Do ‘Employees Must Wash Hands’ signs keep the piss out of happy meals?

Jon Stewart did an admirable job hosting the Oscar’s last night, although he’s better on The Daily Show.

One of his best lines, however, comes from a 2002 hosting gig on Saturday Night Live, where he said,

“If you think the 10 commandments being posted in a school is going to change behavior of children, then you think “Employees Must Wash Hands” is keeping the piss out of your happy meals. It’s not.”

That came to mind as I read Friday’s N.Y. Times blog entry about handwashing and the lack of soap at Socialista where some celebrities now are being encouraged to keep hepatitis A shots.

Jennifer Lee writes that “Employees Must Wash Hands Before Returning to Work,” signs are required by the city health code in all bathrooms in restaurants and bars. Sometimes the signs are in Spanish and Chinese, as well as English.

The Health Department issued a Hepatitis A warning on Thursday after discovering there was no soap behind the bar at Socialista, a code violation, when it found that a bartender who worked there was infected with Hepatitis A.

City Room called up the Soap and Detergent Association, a Washington-based industry trade association, to get their thoughts on the missing soap.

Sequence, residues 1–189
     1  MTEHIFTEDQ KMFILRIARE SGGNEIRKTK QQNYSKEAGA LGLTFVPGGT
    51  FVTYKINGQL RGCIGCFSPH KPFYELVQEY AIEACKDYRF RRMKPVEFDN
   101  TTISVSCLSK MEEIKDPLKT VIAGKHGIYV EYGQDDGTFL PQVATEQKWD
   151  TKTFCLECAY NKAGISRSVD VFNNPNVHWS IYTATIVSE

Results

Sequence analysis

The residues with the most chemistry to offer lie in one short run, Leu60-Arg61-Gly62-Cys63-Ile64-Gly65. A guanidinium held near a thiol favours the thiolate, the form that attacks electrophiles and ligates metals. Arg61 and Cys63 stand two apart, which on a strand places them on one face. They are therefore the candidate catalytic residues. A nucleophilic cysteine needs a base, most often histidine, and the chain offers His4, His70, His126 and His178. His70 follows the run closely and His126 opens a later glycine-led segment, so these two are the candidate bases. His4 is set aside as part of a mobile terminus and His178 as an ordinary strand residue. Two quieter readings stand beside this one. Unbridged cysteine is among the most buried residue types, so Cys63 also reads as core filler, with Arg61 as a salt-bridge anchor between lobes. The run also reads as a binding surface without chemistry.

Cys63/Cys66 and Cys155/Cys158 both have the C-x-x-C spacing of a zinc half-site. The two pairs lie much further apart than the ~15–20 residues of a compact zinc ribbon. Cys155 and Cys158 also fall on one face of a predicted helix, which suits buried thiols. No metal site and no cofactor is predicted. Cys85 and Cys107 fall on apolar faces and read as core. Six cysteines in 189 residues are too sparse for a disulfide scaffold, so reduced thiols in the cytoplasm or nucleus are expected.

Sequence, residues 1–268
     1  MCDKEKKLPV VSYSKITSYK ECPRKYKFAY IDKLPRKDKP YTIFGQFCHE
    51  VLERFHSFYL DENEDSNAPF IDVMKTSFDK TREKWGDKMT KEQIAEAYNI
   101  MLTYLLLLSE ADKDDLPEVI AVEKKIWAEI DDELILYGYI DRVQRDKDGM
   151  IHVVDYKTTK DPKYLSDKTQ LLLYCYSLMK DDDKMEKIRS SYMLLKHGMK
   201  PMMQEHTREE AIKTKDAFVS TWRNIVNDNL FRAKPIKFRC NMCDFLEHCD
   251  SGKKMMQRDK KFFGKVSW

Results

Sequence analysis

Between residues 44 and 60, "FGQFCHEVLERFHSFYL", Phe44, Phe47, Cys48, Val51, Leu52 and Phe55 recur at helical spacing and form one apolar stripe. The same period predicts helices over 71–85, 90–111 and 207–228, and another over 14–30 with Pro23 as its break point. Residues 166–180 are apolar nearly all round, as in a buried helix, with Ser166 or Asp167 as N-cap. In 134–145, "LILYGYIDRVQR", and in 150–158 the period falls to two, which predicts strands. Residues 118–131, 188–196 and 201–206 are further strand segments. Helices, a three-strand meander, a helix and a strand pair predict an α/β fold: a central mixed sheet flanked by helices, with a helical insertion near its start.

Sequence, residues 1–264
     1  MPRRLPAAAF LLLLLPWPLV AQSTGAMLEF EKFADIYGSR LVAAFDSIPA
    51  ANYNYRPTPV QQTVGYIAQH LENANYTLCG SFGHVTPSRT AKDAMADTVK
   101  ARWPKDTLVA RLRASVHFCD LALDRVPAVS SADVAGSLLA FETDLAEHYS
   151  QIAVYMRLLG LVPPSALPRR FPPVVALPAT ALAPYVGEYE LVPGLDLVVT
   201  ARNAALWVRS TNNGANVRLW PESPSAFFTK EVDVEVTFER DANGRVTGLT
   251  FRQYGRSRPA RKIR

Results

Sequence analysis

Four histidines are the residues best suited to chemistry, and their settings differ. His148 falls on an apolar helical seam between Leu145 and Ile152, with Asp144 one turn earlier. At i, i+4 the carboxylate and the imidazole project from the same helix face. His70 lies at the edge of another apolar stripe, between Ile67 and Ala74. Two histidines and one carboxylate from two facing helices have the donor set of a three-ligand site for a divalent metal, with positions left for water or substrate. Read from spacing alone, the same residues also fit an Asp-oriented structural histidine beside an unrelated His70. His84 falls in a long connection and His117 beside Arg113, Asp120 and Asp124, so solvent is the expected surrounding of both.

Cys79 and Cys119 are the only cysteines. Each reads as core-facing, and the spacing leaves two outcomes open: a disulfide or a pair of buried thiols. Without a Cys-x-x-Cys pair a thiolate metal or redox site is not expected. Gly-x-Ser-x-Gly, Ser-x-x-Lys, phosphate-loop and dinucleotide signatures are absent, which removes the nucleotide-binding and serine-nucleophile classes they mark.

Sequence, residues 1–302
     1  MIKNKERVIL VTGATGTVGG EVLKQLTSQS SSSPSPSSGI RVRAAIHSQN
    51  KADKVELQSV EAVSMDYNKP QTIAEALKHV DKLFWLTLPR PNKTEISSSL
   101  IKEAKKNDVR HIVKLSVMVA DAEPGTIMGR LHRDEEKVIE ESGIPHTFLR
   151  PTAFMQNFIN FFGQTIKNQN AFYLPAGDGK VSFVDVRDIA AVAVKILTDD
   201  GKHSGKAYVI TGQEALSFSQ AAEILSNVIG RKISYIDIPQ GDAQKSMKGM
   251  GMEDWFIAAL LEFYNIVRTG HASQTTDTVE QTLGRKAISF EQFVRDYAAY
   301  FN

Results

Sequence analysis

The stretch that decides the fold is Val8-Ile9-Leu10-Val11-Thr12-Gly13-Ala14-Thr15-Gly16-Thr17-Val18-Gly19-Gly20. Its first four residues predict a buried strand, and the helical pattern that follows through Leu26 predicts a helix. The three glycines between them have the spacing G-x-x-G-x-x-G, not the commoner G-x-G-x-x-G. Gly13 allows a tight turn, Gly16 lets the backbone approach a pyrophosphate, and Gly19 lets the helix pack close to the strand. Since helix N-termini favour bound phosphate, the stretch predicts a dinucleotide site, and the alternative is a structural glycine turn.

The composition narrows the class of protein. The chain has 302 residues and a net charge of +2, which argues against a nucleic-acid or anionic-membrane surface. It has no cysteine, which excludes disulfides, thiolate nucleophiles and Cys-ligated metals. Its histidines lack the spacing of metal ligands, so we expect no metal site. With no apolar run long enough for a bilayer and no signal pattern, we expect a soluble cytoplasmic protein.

Brian Sansoni, the association’s vice president of communications, was quoted as saying,

“Surely a place that charges $12 for a cocktail can afford a 99-cent container of liquid soap. … Soap-making was known as early as 2800 B.C, It’s not necessarily a new technology. … You can get soap in bar form, liquid form, foam. It’s not like we’re trying to find Kryptonite here. We’re talking about soap. As basic as soap is, we hear too many cases of too many places with not enough soap.”

Proper handwashing first requires access to proper tools: running water, soap, and paper towel.

Antibacterial or regular soap?

Proper handwashing requires access to the proper tools — soap, water and paper towel.

But what soap is best?

Allison Aiello, an assistant professor of epidemiology at the University of Michigan School of Public Health, was cited as telling the Los Angeles Times that antibacterial soaps may give consumers an added sense of security, but "they don’t seem to provide a benefit above and beyond ordinary soap."

Aiello and colleagues recently surveyed 27 separate studies that investigated the effectiveness of soaps containing triclosan. Some studies looked at rates of infectious diseases; others measured levels of bacteria that lingered on hands after washing. As the researchers will report in an upcoming issue of the journal Clinical Infectious Diseases, they found no evidence that antibacterial soaps prevent more illnesses or remove more germs than regular soap.

Aiello also points to several laboratory studies suggesting that triclosan can help bacteria build up resistance to commonly used antibiotics such as methicillin and erythromycin. Because of these potential risks, Aiello says, regular soap would be a better choice.

But Emily Sickbert-Bennett, a public health epidemiologist at the University of North Carolina School of Public Health who has studied antibacterial soaps, was quoted as telling The Times there’s "no good evidence" that triclosan has encouraged antibiotic resistance in the real world. She says consumers can safely use antibacterial soaps without worrying about creating super-bugs.